The book weakens with one of the larger points, that of obesity trending more toward the poor and disenfranchised minorities. Though not without some merit, this trend is cast as a new discovery of the past two decades, whereas, in fact, this theory has existed for at least 65 years. George Orwell, in The Road to Wigan Pier, observed that the poor, whenever they get income or welfare relief, do not necessarily buy fresh foods that are good for them, but rather canned, preserved, sugary foods loaded with chemicals and fat. This, according to Orwell, was done largely out of convenience and a lack of knowledge. The same argument is used by Critser to show how the poor and minorities, with an abundance of prepackaged food, lack of adequate exercise facilities, and the lack of proper physical education in schools, have ballooned in weight while not improving economically. It is sorely lacking that Critser did not cite Orwell in this regard.
This leads to the other weakness in Critser's work. He details a vast chronology of the obesity epidemic, yet he is woefully silent in terms of viable solutions, which must ultimately involve self-control. He does not even write about self-control in a sustained paragraph until page 53. The solutions that are presented, like the Stanford study mentioned earlier, are largely institutional. They involve large programs like public parks and fitness initiatives and whatnot. But not a single paragraph urges the individual to close his mouth and get on a treadmill. Based on anecdotal evidence (and personal experience), effective weight loss is, at its core, a personal experience. And the ability of an individual to make a conscious decision to change his/her lifestyle is many times more difficult than any large-scale measure Critser details. As much as these programs may facilitate someone to make correct choices, it is still up to the individual to make these choices.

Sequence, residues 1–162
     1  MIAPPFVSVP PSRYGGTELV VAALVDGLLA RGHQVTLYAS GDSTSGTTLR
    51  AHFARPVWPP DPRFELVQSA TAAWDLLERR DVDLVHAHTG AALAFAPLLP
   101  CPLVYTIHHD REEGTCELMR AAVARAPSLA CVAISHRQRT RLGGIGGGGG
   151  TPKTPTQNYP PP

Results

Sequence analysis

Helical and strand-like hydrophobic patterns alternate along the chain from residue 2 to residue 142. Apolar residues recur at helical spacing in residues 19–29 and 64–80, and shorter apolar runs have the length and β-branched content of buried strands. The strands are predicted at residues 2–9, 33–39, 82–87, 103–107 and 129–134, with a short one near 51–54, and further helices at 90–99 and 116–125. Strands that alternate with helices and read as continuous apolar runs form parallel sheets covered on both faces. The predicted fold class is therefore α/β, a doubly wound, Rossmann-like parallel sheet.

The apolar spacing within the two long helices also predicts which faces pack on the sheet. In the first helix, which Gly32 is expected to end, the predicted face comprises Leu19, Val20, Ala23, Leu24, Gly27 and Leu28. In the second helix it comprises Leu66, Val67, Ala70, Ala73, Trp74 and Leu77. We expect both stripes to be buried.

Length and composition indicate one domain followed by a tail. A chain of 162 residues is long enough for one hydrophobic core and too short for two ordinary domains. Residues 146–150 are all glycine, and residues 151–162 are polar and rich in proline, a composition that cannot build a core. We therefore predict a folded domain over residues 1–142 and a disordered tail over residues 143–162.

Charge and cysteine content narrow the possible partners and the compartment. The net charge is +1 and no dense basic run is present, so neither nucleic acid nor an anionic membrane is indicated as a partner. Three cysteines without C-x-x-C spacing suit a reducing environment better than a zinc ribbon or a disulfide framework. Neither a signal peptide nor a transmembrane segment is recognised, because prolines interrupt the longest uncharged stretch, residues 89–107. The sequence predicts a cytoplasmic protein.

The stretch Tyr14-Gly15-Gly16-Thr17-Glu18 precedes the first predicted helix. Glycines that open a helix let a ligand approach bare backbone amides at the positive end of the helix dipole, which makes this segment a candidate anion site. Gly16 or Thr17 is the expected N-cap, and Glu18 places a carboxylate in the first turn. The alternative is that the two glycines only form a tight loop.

Fat Land, even with its faults, is an excellent chronology of the people, policies and phenomena that have led to what is considered our most dire health concern. The facts, figures, analysis and studies alone will ultimately place Fat Land as a useful work in the background study of obesity. The fight against fat needs the kind of information contained in Critser's work, much of which has not been available to most Americans (with devastating results). What it does not need is the nonproductive antagonism and pie-in-the-sky solutions also contained therein. The decision to get fit or get fat is not made in a boardroom, nor in a governmental department, nor at a school-board meeting. It is done by individuals who choose to get better. The quicker Americans realize the power they each have to control their bodies, the sooner we will see the ultimate dissolution of the Fat Land.